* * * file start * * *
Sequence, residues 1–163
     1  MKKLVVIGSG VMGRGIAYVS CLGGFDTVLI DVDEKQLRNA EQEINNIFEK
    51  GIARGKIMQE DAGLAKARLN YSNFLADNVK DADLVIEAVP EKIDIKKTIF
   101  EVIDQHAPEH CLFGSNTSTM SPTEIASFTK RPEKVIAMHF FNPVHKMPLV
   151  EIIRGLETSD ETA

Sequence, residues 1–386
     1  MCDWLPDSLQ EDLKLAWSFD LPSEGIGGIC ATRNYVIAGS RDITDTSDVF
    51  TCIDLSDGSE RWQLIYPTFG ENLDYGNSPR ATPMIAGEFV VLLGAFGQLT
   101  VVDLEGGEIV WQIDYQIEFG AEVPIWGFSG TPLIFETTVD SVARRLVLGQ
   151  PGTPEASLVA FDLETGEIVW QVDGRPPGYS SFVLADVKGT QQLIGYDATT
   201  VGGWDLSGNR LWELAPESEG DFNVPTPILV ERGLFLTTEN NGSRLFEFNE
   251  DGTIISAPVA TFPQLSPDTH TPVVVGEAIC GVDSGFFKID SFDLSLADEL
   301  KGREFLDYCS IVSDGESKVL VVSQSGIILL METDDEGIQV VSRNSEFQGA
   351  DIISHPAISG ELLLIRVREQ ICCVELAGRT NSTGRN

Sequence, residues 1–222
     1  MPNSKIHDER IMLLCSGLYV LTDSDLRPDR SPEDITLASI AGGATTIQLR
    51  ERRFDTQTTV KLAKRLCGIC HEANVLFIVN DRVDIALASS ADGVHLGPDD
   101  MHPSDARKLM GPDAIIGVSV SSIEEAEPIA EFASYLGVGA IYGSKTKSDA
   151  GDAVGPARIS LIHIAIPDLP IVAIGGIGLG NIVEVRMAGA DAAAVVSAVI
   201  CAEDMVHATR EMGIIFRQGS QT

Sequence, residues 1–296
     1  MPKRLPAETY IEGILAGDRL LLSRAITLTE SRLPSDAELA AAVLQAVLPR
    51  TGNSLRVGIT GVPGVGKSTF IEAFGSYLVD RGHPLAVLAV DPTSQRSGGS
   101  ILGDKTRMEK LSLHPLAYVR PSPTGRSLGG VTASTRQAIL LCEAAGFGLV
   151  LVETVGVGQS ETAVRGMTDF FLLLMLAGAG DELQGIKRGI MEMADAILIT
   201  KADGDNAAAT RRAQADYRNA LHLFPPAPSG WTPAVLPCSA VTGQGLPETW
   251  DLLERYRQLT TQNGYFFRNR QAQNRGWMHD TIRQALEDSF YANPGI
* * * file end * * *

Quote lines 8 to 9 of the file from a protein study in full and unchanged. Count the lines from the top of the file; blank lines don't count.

    51  TCIDLSDGSE RWQLIYPTFG ENLDYGNSPR ATPMIAGEFV VLLGAFGQLT
   101  VVDLEGGEIV WQIDYQIEFG AEVPIWGFSG TPLIFETTVD SVARRLVLGQ